Former model Mandy found herself involved with the Profumo affair, the scandal which threatened to bring down Conservative Prime Minister Harold Macmillan’s government in the '60s, when her then 19-year-old flatmate Christine Keeler’s affair with war minister John Profumo prompted him to resign.
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Christine was also believed to be romantically involved with Russian defence attaché Captain Yevgeny Ivanov which created a possible security risk.
Mandy testified at the high-profile trial of Stephen Ward, the osteopath who linked Christine to John Profumo and Captain Ivanov and who was found guilty of living off Mandy and Christine’s immoral earnings.
The trial heard Mandy claim to have had an affair with Lord Astor. When she was told that he had denied it, she famously retorted: "He would, wouldn't he?" from the witness stand. By 1979 Mandy’s phrase had entered the third edition of the Oxford Dictionary of Quotations and is occasionally abbreviated as MRDA (Mandy Rice-Davies applies) or referred to as the 'Mandy Rice-Davies clause'.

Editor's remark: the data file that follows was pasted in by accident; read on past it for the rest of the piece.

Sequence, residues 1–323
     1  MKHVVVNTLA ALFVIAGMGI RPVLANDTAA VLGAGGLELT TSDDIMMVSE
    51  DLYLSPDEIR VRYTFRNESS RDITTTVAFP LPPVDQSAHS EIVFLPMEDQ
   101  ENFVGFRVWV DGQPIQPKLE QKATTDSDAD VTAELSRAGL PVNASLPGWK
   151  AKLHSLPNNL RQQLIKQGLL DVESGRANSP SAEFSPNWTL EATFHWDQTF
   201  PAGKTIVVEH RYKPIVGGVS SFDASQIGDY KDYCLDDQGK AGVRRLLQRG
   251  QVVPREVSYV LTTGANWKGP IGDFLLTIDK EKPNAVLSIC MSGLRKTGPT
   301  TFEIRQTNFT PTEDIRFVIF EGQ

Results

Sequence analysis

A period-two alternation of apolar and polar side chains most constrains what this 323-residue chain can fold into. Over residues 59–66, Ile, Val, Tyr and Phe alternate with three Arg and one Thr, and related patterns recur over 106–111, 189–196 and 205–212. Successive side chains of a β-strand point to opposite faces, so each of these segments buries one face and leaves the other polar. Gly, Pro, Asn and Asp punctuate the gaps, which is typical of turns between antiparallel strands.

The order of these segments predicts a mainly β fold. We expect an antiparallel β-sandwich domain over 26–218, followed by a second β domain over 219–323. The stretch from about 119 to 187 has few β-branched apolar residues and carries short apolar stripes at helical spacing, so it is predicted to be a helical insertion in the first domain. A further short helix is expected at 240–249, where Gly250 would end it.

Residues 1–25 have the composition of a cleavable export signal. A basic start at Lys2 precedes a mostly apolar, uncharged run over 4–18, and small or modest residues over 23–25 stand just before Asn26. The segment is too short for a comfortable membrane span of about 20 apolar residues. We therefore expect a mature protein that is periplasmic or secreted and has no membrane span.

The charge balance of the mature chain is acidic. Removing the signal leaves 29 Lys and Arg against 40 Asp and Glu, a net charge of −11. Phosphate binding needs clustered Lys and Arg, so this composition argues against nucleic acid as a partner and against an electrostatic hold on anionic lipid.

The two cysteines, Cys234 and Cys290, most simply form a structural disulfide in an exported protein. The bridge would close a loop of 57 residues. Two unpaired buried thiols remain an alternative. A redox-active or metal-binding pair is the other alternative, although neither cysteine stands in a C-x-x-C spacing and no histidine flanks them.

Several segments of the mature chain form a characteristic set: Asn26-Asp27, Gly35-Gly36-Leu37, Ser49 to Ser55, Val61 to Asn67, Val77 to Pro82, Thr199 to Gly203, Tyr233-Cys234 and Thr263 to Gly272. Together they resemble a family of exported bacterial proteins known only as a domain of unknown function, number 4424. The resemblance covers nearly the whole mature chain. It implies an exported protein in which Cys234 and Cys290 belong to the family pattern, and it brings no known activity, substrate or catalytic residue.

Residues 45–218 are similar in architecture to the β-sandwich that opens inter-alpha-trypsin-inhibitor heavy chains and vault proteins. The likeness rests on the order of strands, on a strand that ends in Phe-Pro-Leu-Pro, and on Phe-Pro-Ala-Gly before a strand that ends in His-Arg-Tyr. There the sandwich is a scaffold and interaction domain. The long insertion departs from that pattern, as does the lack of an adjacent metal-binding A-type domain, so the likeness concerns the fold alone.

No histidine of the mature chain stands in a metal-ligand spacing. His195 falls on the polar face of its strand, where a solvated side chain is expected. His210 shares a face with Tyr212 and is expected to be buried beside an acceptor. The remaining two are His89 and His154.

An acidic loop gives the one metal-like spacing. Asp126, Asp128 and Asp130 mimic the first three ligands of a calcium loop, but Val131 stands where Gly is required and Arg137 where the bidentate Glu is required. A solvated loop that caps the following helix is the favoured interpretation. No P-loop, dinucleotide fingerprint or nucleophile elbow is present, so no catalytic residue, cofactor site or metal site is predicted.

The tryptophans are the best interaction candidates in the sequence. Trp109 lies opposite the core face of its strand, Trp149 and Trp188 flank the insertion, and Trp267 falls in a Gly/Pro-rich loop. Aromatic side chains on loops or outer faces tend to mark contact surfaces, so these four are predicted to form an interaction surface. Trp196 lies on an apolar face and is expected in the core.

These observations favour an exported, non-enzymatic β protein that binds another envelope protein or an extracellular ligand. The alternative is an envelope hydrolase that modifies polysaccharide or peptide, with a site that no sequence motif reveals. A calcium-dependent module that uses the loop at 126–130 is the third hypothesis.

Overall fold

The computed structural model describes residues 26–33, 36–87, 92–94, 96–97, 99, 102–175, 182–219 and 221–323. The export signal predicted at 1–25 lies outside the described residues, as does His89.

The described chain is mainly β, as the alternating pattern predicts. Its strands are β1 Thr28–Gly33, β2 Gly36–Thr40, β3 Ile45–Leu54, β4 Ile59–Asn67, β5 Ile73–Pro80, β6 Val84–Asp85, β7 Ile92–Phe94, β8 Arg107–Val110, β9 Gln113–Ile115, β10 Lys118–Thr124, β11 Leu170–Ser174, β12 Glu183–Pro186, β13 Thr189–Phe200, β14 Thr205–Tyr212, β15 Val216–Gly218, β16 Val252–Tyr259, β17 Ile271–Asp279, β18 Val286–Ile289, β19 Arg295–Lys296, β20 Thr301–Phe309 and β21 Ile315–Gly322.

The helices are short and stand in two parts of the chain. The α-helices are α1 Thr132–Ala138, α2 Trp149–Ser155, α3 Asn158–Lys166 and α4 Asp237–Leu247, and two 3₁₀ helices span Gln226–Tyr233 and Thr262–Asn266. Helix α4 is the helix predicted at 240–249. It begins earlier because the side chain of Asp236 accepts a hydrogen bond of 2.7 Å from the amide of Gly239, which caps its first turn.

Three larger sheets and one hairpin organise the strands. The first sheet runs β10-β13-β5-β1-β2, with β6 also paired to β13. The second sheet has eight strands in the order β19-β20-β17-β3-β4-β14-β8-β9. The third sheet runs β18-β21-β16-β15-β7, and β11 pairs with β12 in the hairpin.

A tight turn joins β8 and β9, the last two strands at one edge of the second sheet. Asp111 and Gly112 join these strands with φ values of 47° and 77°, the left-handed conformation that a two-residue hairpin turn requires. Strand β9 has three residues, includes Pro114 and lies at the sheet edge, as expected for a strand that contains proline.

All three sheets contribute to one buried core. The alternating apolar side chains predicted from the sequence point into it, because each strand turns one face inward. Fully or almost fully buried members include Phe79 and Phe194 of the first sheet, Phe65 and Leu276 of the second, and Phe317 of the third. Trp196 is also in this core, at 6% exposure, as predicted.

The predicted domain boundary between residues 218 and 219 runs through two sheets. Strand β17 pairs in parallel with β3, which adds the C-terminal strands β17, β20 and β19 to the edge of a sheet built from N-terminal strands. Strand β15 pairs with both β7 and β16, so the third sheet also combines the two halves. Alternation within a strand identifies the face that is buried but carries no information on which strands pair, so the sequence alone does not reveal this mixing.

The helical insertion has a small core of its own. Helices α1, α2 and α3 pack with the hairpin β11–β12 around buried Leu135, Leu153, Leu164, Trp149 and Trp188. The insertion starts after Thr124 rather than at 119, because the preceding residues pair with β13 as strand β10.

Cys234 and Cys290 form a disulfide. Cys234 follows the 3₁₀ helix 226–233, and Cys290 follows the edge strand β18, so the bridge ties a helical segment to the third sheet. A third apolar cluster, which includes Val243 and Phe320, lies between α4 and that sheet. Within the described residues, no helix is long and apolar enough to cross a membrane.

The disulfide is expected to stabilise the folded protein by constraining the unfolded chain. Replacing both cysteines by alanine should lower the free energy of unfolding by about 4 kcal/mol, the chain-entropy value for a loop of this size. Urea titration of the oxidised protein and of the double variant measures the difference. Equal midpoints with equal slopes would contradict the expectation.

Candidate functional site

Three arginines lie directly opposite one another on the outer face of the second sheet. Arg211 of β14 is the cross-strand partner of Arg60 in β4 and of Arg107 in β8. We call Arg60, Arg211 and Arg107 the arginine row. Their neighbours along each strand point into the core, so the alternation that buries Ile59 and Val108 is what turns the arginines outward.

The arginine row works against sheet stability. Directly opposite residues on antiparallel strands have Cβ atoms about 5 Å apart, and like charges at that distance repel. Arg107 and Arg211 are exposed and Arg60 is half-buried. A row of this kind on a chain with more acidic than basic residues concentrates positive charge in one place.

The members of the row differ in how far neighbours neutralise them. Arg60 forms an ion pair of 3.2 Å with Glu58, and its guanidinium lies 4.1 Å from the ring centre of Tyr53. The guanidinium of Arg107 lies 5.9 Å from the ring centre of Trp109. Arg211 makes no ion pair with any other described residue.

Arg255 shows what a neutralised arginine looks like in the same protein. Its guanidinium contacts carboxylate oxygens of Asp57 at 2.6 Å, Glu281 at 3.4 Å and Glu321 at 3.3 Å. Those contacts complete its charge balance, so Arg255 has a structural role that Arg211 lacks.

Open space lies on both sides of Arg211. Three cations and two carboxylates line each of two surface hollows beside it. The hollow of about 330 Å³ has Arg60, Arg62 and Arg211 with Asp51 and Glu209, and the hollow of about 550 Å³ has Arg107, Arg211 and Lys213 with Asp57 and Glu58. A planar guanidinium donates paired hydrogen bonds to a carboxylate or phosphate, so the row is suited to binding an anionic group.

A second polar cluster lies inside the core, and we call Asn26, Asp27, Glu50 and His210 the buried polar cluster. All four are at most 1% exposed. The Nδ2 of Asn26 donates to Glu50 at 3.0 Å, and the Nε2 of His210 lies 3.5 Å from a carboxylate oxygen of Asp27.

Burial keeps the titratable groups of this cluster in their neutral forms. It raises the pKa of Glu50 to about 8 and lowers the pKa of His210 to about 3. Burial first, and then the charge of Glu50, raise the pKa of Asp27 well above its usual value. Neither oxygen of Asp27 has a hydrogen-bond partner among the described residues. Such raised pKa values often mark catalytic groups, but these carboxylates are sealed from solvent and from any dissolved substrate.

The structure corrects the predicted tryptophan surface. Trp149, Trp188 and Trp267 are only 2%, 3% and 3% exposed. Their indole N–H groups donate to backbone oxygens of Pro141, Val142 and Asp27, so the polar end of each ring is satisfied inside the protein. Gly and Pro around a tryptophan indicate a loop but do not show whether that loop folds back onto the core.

After gaining notoriety through the case, Mandy appeared in a number of TV programmes and films including Absolutely Fabulous and Chance in a Million. Her film career included roles in Nana, the True Key of Pleasure, The Seven Magnificent Gladiators and Absolute Beginners.
In the 1989 film Scandal about the Profumo affair, Mandy was played by Bridget Fonda.
Mandy was also closely involved in the development of Andrew Lloyd Webber's musical Stephen Ward the Musical about the society osteopath.
In the musical, which opened on 19 December 2013 at the Aldwych Theatre, Mandy was played by actress Charlotte Blackledge.
Despite her key role in the Profumo affair, Mandy said she personally never met the politician.
Mandy leaves behind her third husband Ken Foreman, whom she married in 1988.